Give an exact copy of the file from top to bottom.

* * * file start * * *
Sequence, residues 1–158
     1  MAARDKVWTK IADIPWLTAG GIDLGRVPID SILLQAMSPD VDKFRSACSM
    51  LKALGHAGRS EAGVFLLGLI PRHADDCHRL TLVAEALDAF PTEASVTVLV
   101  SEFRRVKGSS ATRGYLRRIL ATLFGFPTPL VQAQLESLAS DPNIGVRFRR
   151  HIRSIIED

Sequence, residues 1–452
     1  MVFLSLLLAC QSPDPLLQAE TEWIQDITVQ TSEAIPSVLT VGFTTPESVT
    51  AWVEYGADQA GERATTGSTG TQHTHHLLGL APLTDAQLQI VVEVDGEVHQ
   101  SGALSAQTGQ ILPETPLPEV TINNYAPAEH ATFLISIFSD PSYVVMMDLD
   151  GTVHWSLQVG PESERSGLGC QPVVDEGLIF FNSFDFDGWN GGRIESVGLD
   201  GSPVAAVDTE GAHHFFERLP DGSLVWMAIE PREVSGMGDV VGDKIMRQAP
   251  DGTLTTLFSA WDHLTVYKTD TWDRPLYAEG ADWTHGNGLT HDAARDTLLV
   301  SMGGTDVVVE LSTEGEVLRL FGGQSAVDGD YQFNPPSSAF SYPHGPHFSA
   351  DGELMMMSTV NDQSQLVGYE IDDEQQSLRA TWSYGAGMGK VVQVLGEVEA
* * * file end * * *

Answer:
Sequence, residues 1–158
     1  MAARDKVWTK IADIPWLTAG GIDLGRVPID SILLQAMSPD VDKFRSACSM
    51  LKALGHAGRS EAGVFLLGLI PRHADDCHRL TLVAEALDAF PTEASVTVLV
   101  SEFRRVKGSS ATRGYLRRIL ATLFGFPTPL VQAQLESLAS DPNIGVRFRR
   151  HIRSIIED

Sequence, residues 1–452
     1  MVFLSLLLAC QSPDPLLQAE TEWIQDITVQ TSEAIPSVLT VGFTTPESVT
    51  AWVEYGADQA GERATTGSTG TQHTHHLLGL APLTDAQLQI VVEVDGEVHQ
   101  SGALSAQTGQ ILPETPLPEV TINNYAPAEH ATFLISIFSD PSYVVMMDLD
   151  GTVHWSLQVG PESERSGLGC QPVVDEGLIF FNSFDFDGWN GGRIESVGLD
   201  GSPVAAVDTE GAHHFFERLP DGSLVWMAIE PREVSGMGDV VGDKIMRQAP
   251  DGTLTTLFSA WDHLTVYKTD TWDRPLYAEG ADWTHGNGLT HDAARDTLLV
   301  SMGGTDVVVE LSTEGEVLRL FGGQSAVDGD YQFNPPSSAF SYPHGPHFSA
   351  DGELMMMSTV NDQSQLVGYE IDDEQQSLRA TWSYGAGMGK VVQVLGEVEA